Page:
Court hears arguments on dead North Dakota candidate’s seat

BISMARCK, N.D. (AP) — North Dakota’s Constitution gives Gov. Doug Burgum the right to appoint someone to a state House seat won by a Republican candidate who died before the election, his lawyer argued Friday as the state Supreme Court waded into what attorneys called an unprecedented case.

There also is not an applicable law that allows the Legislature to fill the seat, said Robert Pathroff, a Bismarck attorney representing the Republican governor.

Lawyers argued during the livestreamed hearing about who has the authority to fill the District 8 seat that was won Nov. 3 by David Andahl even though he died Oct. 5 from coronavirus complications. The House district represents a sprawling rural area north of Bismarck.

The struggle over the seat has laid bare the divisions between Burgum, a former Microsoft executive who last month won his second term, and legislative leaders in his own party who have often clashed with him on policy. Burgum spent heavily to help defeat the last holder of the seat, fellow Republican Jeff Delzer, over Delzer’s opposition to him on budgeting matters.

A day after the election, Burgum appointed Washburn coal executive Wade Boeshans to the seat. And he sued the Legislature, secretary of state, and Democratic and Republican activists to bring the issue to the high court.

Legislators argue that they, not Burgum, have the power to fill the seat. And this week they chose Delzer, a farmer with a reputation for tight-fisted budgeting, to do it.

North Dakota Attorney General Wayne Stenehjem told justices Friday that Burgum’s appointment was executive branch overreach and violated separation of powers. A governor may not “impose a legislator on a district they neither asked for or was involved with,” Stenehjem argued.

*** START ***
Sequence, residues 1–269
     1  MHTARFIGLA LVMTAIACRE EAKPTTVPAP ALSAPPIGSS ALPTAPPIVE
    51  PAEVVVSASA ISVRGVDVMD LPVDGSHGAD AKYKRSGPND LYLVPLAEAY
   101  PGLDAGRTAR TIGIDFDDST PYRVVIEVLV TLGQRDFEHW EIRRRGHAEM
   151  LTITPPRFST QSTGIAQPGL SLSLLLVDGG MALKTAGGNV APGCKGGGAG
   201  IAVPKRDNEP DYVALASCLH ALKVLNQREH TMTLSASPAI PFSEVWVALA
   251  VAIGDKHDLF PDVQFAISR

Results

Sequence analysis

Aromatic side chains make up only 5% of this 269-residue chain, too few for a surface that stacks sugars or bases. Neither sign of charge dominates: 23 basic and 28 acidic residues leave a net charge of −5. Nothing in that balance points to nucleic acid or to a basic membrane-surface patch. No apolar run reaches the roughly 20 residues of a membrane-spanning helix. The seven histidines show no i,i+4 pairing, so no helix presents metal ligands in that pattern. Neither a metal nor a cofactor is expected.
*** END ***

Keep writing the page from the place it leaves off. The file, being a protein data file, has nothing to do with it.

Burgum gave more than $3.1 million to a political action committee that largely targeted Delzer.

Backed by Burgum’s campaign cash, Andahl and Dave Nehring won the Republicans’ endorsements and voters’ nominations in the June primary. GOP activists in the district endorsed Delzer 17-1, with Nehring, a member of the party’s executive committee, casting the dissenting vote.

Democrats also argue that Burgum has no authority to fill the seat. Attorney David Thomson told justices that Democrat Kathrin Volochenko should be the district’s next representative because she got the next-highest number of votes.

The attorney general and Pathroff both dismissed that argument. There’s no time frame for a ruling by the court.

Pathroff also denied that the governor’s appointment would disenfranchise the district’s voters, citing their rejection of Delzer in the June primary.

“Voters of District 8 expressly communicated their protest to the nomination of the very individual District 8 has now deemed to appoint to the Legislature,” Pathroff said.

The high court will rule on the case later. North Dakota legislators take office on Dec. 1.

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